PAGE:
The theme for the Centennial Celebrations is “What is your legacy?” and we’re encouraging Kiwis to take action and do a little, or even a big, something for nature. Read on to find out how you can join in the celebration.
Force of Nature Concert | Nelson Arts Festival 2023
Nelson Arts Festival has unveiled their 2023 programme, which includes the stunning concert event: FORCE OF NATURE: Celebrating 100 Years of Forest & Bird
This gorgeous, rejuvenating evening of eight outstanding works celebrates the vital conservation work of Forest & Bird, while reminding us all of the previous beauty of our whenua, moana, flora and fauna.
Collaborating in concert to salute the mahi of Forest & Bird members and supporters, composers and performers including NZTrio (Somi Kimm, Ashley Brown, Amalia Hall), Peter Scholes, Bridget Douglas, Rob Thorne and Yoshiko Tsuruta bring their command of acoustic chamber instruments to the fore. This stirring performance is inspired by - and aspires to the future of - the Aotearoa way of life.
Following a sold-out premier in Auckland, this acclaimed PACT (Performing Arts Community Trust) concert will be performed at the Nelson Arts Festival on Monday 23rd October 2023.
Tickets to this event can be purchased here.
Centennial Speaker Series | Sustainable Threads: Rethinking Fashion & Design
Calling sustainability fans and fashionistas! Forest & Bird is partnering with Victoria University of Wellington’s School of Design Innovation to host a public talk and Q&A session on sustainable design on Thursday 28 September at 7:30 - 8:30pm.
Hosted by Associate Professor Jennifer Whitty, a panel of fashion experts, students and designers will share insights on the environmental impact of the fashion industry, and the challenges and progress towards integrating sustainable practices. You’ll hear fresh perspectives from a new generation of designers, and leave equipped with the knowledge to make sustainable fashion choices.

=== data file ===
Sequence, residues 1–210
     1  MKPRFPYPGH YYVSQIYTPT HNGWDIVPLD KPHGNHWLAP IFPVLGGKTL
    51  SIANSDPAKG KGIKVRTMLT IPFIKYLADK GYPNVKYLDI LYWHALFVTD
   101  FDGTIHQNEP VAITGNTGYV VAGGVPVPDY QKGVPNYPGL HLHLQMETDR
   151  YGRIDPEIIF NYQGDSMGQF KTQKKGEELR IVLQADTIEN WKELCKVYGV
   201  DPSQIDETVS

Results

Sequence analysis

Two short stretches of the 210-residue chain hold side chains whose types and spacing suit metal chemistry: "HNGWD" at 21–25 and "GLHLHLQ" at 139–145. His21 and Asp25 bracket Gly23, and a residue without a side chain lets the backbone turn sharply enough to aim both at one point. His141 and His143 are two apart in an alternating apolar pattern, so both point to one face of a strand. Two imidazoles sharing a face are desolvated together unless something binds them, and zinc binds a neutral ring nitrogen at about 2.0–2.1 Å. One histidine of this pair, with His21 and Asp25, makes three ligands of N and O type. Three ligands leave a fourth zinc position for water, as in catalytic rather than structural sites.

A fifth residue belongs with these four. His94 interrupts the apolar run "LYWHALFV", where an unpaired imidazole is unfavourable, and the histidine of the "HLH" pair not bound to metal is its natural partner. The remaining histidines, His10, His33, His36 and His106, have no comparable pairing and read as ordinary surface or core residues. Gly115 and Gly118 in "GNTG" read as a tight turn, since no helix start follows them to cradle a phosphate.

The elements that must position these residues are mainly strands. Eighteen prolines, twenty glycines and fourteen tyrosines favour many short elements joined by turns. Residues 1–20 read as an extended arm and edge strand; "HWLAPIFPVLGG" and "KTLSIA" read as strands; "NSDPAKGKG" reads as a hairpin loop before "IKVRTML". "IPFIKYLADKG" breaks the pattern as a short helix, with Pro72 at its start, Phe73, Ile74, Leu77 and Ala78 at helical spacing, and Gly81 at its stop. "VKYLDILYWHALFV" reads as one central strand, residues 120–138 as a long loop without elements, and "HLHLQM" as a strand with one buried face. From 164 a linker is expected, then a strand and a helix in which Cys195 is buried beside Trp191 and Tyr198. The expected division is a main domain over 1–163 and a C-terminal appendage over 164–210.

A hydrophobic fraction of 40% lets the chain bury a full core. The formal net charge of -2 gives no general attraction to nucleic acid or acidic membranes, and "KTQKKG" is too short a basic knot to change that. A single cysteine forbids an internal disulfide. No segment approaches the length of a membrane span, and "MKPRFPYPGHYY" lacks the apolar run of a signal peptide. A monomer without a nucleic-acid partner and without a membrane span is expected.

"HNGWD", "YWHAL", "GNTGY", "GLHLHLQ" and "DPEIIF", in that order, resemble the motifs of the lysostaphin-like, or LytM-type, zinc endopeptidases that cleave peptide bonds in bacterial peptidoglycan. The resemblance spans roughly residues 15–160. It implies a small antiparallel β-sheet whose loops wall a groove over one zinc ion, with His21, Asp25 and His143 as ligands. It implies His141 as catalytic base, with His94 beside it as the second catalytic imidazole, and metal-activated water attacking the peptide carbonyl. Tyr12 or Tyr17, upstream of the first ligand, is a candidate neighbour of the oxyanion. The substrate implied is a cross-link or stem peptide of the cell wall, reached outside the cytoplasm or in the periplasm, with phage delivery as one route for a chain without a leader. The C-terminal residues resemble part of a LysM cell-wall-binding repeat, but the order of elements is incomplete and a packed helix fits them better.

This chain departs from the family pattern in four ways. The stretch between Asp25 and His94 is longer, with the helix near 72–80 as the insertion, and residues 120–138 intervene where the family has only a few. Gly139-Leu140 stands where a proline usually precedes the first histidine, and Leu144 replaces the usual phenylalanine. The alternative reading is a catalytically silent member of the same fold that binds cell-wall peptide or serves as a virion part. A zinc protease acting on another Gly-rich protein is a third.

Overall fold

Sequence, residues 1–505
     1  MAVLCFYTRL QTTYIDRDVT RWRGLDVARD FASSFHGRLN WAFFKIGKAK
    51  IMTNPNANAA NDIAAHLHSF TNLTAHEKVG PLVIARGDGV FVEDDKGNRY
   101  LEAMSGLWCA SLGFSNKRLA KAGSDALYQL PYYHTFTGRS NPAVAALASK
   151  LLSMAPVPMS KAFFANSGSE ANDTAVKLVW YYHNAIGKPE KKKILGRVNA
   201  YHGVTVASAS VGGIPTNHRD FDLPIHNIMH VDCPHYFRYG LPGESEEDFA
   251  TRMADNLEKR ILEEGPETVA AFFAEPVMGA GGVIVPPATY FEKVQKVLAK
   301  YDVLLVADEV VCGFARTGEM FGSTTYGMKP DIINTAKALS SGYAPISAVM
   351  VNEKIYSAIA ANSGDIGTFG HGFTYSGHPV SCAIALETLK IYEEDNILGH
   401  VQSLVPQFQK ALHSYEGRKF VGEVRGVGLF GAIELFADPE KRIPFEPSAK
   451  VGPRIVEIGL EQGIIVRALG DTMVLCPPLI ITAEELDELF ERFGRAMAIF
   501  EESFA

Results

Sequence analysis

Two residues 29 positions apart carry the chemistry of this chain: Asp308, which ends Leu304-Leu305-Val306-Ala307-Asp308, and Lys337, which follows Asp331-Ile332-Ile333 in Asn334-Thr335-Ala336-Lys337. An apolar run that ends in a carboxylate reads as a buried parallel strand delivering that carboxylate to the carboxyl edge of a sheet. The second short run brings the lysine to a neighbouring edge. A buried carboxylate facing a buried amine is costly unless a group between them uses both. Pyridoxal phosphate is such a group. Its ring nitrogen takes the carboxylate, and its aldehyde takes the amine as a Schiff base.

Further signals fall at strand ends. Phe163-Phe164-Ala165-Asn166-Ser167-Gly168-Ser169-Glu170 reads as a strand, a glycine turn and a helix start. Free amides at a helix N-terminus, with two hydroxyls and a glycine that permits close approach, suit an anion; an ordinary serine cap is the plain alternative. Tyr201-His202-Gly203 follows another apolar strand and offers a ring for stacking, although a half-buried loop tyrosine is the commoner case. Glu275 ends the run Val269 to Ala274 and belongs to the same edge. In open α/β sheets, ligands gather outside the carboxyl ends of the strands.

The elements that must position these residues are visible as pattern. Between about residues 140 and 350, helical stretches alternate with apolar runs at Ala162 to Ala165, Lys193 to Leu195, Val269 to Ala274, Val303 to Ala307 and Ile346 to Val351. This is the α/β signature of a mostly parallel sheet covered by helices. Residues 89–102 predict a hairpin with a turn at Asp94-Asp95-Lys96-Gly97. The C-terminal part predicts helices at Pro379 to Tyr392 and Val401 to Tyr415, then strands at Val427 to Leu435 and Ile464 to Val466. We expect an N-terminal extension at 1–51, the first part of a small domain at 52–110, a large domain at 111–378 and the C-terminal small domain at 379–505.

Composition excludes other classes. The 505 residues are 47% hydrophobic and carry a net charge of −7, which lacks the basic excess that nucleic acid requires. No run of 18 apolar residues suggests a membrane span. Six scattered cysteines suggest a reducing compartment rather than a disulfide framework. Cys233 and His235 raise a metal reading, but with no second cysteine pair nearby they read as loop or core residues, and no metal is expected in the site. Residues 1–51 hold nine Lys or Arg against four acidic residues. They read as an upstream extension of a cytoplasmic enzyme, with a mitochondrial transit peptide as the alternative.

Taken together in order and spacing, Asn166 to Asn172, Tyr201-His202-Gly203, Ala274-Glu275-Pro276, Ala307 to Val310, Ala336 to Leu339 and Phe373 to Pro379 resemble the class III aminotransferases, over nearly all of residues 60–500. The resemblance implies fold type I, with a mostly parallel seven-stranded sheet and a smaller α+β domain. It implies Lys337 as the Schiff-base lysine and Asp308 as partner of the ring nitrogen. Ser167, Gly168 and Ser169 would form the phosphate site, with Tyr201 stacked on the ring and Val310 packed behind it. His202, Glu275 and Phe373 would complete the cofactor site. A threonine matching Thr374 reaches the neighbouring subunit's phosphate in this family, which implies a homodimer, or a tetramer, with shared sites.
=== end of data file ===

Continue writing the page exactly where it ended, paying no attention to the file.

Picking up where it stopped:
Our ‘Sustainable Threads’ panel lineup includes Marina Davis, founder, director and designer at sustainable clothing brand Ovna Ovich; Samantha Jones, founder and CEO of Little Yellow Bird; and Jacinta FitzGerald, Chief Executive of Mindful Fashion NZ.
Register for this webinar here. We look forward to seeing you there!
This includes an amendment to an earlier version which had this as a hybrid event - this event has now been moved entirely online.
South Canterbury Exhibition
Our South Canterbury Branch is working with the South Canterbury Museum on a Forest & Bird centennial exhibition. Focusing on pekapeka long-tailed native bats, the displays will showcase the branch’s work, including habitat and species restoration in its reserves and the wider South Canterbury region.
The exhibition runs from 19 October through to 30 April 2024. Come along and view the brilliant range of bat-themed memorabilia and more!
Full event details are available here.
Centennial Planting - Ronga Reserve
Forest & Bird’s annual planting day at Ronga Reserve returned for a bumper Centennial special. Thank you to all who joined us to plant a record 1200 native trees in honour of 100 years of conservation mahi!